“Question Everything” opens the floor for debate of pop culture topics–serious to whimsical, sublime to ridiculous—that have no right or wrong answers but certainly elicit a wide spectrum of intense opinions. Hopefully reading these different perspectives will open minds, challenge thinking and maybe even provoke a change in what you believe. Let’s discuss!
What’s the best way to watch a movie today?
EW’s Critics Make Their Cases
Keith Staskiewicz says:
The plush seats, the squelchy-sticky floor, air conditioning that rivals a zoo’s penguin exhibit, the sweet, inviting dark… It’s hard to resist romanticizing the moviegoing experience, but if you need some help, here’s an alternate list: Chatty teens, conspicuous texters, crying babies toted to R-rated gorefests, Weimar Republic-level ticket inflation. A hundred years is a long time for a consumer experience to last and I won’t pretend that the vast majority of my cinematic education wasn’t spent in front of a TV or laptop. But it’s possible to keep these things in mind and still mourn the slow demise of the movie theater. Every time I’ve seen a film (like, say, Lawrence of Arabia or Psycho) on the big screen that I’ve previously seen only on one of those other glowing rectangles, it has been a qualitatively different, and better, experience. It turns the film into an event, and sharing that event with a crowd full of strangers transforms your own reaction to it. Drama becomes more dramatic, comedy funnier, and horror scarier.
There’s also something freeing nowadays about giving yourself and your time up to something fully and not being able to pause the movie to go switch out the laundry, or rewind because you were looking at your phone during a pivotal scene, or check to see how much time is left until the end. I’m not saying movie theaters were the cathedrals of the 20th-century—or am I?—or that going to the multiplex is always some humanist communion straight out of Sullivan’s Travels, but there is still some leftover magic to be found there if you’re looking for it.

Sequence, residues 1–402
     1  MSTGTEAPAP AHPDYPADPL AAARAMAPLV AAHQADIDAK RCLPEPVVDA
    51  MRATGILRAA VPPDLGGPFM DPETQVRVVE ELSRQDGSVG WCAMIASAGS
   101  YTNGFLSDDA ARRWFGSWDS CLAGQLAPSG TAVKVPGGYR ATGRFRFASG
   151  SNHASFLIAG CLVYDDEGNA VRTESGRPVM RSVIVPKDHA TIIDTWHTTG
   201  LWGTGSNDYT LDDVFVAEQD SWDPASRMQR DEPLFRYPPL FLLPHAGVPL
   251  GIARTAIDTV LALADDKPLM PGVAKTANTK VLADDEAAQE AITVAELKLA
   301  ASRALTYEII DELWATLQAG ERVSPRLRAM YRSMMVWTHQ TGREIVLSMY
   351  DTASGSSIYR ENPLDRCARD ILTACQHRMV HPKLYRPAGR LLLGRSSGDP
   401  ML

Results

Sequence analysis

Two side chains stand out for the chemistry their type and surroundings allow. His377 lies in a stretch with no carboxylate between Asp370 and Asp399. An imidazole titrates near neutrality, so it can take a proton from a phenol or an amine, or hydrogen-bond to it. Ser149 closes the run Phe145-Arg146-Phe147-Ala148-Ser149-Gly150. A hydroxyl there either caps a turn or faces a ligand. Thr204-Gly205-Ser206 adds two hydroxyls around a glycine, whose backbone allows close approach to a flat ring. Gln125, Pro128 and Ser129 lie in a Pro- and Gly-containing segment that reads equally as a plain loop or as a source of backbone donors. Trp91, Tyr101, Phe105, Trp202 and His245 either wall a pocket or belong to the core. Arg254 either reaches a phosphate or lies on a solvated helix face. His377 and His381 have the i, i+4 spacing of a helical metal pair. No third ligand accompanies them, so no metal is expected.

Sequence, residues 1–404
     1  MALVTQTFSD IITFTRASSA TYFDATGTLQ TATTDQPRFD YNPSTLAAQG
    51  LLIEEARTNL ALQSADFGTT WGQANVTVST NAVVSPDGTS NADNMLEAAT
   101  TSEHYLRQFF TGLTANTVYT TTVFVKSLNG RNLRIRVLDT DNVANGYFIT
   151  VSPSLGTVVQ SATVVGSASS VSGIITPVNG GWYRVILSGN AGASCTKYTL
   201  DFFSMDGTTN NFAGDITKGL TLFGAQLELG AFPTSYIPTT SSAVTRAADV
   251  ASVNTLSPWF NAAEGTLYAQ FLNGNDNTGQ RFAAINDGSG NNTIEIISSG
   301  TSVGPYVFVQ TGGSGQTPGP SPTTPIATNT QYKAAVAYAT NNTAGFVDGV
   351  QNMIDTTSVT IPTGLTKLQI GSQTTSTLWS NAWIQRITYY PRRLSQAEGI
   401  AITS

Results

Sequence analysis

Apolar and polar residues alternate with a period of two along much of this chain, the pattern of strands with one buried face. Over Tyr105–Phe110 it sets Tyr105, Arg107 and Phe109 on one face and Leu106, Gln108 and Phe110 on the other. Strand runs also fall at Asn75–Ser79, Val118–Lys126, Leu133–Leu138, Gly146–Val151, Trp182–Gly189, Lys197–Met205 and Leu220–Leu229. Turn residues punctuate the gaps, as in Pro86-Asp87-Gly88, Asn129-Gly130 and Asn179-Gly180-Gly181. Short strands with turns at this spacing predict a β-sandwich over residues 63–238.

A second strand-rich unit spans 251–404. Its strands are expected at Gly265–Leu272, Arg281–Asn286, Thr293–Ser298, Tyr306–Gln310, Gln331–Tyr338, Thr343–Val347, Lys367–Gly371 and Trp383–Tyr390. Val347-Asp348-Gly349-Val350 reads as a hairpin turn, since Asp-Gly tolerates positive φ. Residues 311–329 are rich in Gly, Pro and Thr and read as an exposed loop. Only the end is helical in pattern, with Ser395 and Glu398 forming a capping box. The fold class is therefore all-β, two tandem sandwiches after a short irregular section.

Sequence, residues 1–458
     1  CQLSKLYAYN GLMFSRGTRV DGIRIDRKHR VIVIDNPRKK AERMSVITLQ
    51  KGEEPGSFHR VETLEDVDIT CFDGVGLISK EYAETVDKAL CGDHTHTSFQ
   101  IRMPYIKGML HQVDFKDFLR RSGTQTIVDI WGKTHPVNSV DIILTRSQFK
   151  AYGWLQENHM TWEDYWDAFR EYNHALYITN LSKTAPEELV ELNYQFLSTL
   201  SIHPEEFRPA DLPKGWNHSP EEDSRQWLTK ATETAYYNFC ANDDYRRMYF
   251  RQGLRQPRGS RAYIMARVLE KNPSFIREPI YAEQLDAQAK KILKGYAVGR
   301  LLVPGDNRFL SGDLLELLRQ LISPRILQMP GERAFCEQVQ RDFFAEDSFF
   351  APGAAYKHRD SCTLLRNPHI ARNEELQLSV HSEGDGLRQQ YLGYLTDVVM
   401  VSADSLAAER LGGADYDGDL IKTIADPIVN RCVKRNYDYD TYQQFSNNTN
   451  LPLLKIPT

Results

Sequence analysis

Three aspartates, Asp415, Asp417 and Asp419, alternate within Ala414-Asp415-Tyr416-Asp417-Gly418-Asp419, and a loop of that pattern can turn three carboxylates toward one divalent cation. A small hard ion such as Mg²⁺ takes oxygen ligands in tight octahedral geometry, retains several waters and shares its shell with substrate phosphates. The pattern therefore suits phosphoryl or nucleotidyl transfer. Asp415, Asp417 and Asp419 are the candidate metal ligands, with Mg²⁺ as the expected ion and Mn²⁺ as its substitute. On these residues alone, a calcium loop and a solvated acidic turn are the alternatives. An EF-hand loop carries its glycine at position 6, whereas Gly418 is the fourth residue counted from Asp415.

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Maybe we should let moviegoers settle this debate. According to a 2014 Harris poll, the majority of Americans prefer to watch a film at home rather than go to the theater, and it’s easy to understand why. There are no bad seats at home, and no distractions from loud talkers or smartphones. Parents don’t have to pay for a babysitter. You can eat any snacks you want, and thanks to streaming services, watch whatever you want. The old-fashioned idea that you can only experience total immersion in a theater isn’t true anymore, since home theater technology is catching up with the multiplexes, and you—not the film’s director or the theater manager—can control every aspect of your viewing at home, whether you’re creating romantic lighting for In the Mood For Love, manipulating the sound to make James Brown’s performance in The TAMI Show more dramatic, or even playing Ryan Gosling’s shirtless scenes from Crazy Stupid Love in slow motion. (Hey, no judgment!)
But there are also political reasons to stay put. Watching movies on-demand is a great way to support foreign film and micro-budgeted indies if you live in a smaller town that doesn’t have a local art-house theater. It’s also a good way to protest an industry that’s focused on recouping from last year’s 20-year box-office low by ripping off theatergoers. Remember when Disney tried to bully distributors into offering fewer discounts on Age of Ultron tickets? Doesn’t it feel good to know that you can protest corporate greed simply by being supremely lazy and refusing to move from your couch?